Starting strong safety Ammon Hannemann following in his brothers’ footsteps
Former Lone Peak High star didn’t pout or complain when cornerback Micah Harper was moved to safety — instead he went to work
Competing has been in Ammon Hannemann’s blood since the day he was born.
He joined an athletic family that included four older brothers who would go on to play college football and/or professional baseball or become fire knife dancers in Hawaiian luaus.
His parents, Howard and Mindy Hannemann, were outstanding high school athletes growing up in Hawaii (Howard) and Southern California (Mindy), respectively, and encouraged their five sons and one daughter, Shay, to compete aggressively before they could walk.
So when the fourth-year sophomore who started four games at strong safety for the BYU Cougars last year learned that it wasn’t a given he would be the Day 1 starter in 2022, he didn’t pout or complain.
“He has consistently gotten better and better and better, and he is playing at a high level right now, just understanding and anticipating things that happen on offense. He has certainly been a guy that has shown through last year and this fall camp that he is capable of doing that.” — BYU defensive coordinator Ilaisa Tuiaki on strong safety Ammon Hannemann
He went to work.
It appears that hard work has paid off.
When BYU’s depth chart for next Saturday’s season-opener at USF is released Monday, Ammon Hannemann almost certainly will get the nod as the Cougars’ starting strong safety, running alongside veteran free safety Malik Moore.
“I would like to think I go into the first game as a starter, along with Malik, back there,” Hannemann told the Deseret News on Tuesday. “But I am not taking anything for granted. Camp just barely finished. I haven’t seen anything official yet.”
It would be fitting, considering the Hannemann name has become synonymous with BYU sports. Oldest brother Jacob Hannemann redshirted on BYU’s football team in 2012, then played so well for BYU’s baseball team the following spring that the Chicago Cubs picked him in the third round of the Major League Baseball draft.
Jacob Hannemann played in the Cubs and Seattle Mariners organizations until 2019. Second-oldest brother Kyle played football for Southern Utah University, while third-oldest brother Micah played safety and cornerback for BYU in 2012 and from 2015-17 before some brief stints in pro football.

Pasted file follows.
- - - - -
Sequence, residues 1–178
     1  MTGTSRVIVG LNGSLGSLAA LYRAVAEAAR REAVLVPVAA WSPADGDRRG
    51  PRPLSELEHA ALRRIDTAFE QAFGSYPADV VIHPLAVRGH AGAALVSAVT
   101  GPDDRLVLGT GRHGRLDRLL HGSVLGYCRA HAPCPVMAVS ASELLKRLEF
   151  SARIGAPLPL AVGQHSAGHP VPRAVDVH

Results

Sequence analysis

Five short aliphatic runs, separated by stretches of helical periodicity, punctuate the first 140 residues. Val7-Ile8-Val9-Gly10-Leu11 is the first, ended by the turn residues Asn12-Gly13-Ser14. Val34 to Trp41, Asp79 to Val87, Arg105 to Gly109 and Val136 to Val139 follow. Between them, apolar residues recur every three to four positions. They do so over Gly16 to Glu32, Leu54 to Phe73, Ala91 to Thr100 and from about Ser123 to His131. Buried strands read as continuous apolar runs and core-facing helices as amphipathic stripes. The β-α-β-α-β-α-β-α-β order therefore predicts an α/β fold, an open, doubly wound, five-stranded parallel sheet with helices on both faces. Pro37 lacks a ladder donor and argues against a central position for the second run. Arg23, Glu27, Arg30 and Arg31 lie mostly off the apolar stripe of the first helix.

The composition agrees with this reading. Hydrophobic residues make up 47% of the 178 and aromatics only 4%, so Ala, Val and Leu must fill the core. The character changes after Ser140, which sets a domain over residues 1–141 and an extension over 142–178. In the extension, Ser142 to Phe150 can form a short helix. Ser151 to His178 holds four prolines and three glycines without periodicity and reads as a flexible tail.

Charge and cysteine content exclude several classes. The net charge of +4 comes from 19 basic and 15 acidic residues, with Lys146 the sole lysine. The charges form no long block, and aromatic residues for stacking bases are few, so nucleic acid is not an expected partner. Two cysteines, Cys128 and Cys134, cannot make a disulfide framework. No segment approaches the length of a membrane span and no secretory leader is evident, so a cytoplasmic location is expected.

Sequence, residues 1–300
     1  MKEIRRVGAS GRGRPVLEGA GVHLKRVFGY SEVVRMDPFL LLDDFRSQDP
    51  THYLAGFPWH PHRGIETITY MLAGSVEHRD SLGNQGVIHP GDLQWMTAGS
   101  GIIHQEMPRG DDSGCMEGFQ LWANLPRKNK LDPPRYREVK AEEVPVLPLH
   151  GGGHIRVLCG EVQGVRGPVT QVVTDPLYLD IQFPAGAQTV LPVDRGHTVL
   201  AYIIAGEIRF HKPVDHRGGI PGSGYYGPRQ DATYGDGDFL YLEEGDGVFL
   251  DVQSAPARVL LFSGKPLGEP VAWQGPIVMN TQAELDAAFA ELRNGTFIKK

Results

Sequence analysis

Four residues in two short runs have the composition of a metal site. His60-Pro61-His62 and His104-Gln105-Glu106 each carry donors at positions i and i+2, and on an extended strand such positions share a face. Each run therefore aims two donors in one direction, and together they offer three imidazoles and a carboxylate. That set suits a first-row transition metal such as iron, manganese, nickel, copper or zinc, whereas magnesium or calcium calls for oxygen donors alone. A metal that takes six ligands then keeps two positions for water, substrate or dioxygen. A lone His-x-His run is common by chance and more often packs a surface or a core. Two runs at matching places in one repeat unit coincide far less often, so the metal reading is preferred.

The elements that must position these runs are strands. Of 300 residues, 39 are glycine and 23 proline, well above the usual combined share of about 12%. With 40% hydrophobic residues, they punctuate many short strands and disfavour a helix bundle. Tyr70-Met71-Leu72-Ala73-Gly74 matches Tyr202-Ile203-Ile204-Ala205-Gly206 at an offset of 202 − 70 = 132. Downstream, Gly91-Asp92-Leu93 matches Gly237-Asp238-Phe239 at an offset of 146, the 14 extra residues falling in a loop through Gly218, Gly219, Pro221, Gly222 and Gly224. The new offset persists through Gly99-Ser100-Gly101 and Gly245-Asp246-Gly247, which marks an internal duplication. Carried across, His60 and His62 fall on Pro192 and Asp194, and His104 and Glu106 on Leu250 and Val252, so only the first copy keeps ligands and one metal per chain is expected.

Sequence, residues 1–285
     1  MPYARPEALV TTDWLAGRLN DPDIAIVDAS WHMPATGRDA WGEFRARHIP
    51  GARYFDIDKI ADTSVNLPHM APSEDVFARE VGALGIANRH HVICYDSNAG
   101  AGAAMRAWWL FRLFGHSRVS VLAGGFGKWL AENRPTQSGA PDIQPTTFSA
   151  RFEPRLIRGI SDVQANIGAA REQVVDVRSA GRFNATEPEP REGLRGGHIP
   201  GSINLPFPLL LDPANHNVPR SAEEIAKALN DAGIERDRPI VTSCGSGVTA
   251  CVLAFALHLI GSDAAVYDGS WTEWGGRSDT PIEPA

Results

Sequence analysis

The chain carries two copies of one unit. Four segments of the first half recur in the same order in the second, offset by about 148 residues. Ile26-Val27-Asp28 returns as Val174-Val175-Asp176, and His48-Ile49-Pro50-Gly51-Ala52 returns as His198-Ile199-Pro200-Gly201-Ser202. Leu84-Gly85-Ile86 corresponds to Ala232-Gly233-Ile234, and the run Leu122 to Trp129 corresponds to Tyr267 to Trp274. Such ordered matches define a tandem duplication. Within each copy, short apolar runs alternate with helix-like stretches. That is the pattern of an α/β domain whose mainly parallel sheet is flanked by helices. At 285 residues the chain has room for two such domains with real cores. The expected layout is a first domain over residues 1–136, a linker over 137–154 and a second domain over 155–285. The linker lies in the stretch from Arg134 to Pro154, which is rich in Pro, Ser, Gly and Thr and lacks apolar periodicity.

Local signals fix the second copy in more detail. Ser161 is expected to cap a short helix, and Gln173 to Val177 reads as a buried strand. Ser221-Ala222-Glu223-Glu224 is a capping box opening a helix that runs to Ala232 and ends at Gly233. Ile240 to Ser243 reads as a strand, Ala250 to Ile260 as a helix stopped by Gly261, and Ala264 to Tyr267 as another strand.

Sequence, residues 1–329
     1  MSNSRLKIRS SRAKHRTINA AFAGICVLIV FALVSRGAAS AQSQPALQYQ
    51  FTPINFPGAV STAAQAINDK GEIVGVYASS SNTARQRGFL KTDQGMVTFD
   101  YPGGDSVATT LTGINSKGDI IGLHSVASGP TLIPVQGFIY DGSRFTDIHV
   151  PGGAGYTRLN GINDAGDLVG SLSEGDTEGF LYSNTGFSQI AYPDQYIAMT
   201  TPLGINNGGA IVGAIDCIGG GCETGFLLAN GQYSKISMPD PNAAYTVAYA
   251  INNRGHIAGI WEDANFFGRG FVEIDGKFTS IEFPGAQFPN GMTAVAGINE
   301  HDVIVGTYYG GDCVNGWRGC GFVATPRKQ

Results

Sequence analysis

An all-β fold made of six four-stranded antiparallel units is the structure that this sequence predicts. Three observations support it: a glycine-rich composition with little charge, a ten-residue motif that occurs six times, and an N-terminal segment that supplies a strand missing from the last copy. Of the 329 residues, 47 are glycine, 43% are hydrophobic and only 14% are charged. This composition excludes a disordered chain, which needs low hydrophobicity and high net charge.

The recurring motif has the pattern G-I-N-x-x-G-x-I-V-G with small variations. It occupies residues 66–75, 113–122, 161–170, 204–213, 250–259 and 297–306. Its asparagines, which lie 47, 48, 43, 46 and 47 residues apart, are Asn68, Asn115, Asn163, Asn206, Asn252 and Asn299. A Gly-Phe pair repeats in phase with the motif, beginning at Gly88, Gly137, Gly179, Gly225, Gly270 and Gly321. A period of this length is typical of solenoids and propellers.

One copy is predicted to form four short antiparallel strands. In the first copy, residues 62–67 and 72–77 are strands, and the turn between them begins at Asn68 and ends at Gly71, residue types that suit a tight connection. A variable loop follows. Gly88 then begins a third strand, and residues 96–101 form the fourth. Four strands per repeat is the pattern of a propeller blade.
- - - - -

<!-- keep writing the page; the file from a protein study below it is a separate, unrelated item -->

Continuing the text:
Howard and Mindy’s fourth son, Seth, gave up football after sustaining three season-ending injuries in high school, but is said to be the best luau performer as part of his father’s Samoan ancestry.
“I’ve got a lot to live up to,” Ammon acknowledged.
He is well on his way, especially if he can avoid the injury bug that plagued his older brothers. Already, it has bitten him twice.
After graduating from Lone Peak High, as all his siblings did, Ammon served a mission for The Church of Jesus Christ of Latter-day Saints to Roseville, California. He redshirted in 2019.
In 2020, he tore his meniscus in spring camp, rehabbed through the summer, and then tore it again right before the season.
“Luckily it was my meniscus and not my ACL,” Ammon said. “The first time, I came back quickly and the second time it took a lot longer to recover from.”
The injury sidelined him for the entire 2020 season when the Cougars went 11-1 and rode Zach Wilson’s spectacular season to national prominence. Last year, he played in 10 games, starting against South Florida, Utah State, Boise State and Baylor.
He had three games with at least five tackles, and made six solo stops in the 34-20 win over Utah State.
Which brings us to 2022, and expectations are high for the BYU secondary.
“The coaches have been pushing us hard, but they have also brought some great people in like sports scientists to help us stay healthy,” Ammon said. “There haven’t been many injuries, which has really been a blessing. Everybody has been working on their craft, and doing great.”
Ammon and his wife, Linzie, were married in 2021 and they have a daughter, Ivie. And now he’s the only Hannemann involved in organized sports and keeping the family’s tradition of competitiveness going.
“I feel 100% and am ready for the first game,” Ammon said. “I am excited for it to happen. It is weird because I am the only Hannemann playing sports right now — at least until the next generation comes along.”
Defensive coordinator Ilaisa Tuiaki said Hannemann won the starting job because he is consistent and reliable.
“He has consistently gotten better and better and better, and he is playing at a high level right now, just understanding and anticipating things that happen on offense,” Tuiaki said. “He has certainly been a guy that has shown through last year and this fall camp that he is capable of doing that.”
Last spring, coaches moved Micah Harper from cornerback to safety, giving Moore and Hannemann some competition. However, Harper hasn’t quite recovered fully from the knee injury that sidelined him the entire 2021 season.
“With him being there, I feel like he gives us a great two-deep. The two-deep on defense plays just because of the nature of the game and what is expected of them,” Tuiaki said. “Those two (Harper and Hannemann) are going to do a good job for us this year and bring a lot of competitiveness and just what we need at the strong safety spot.”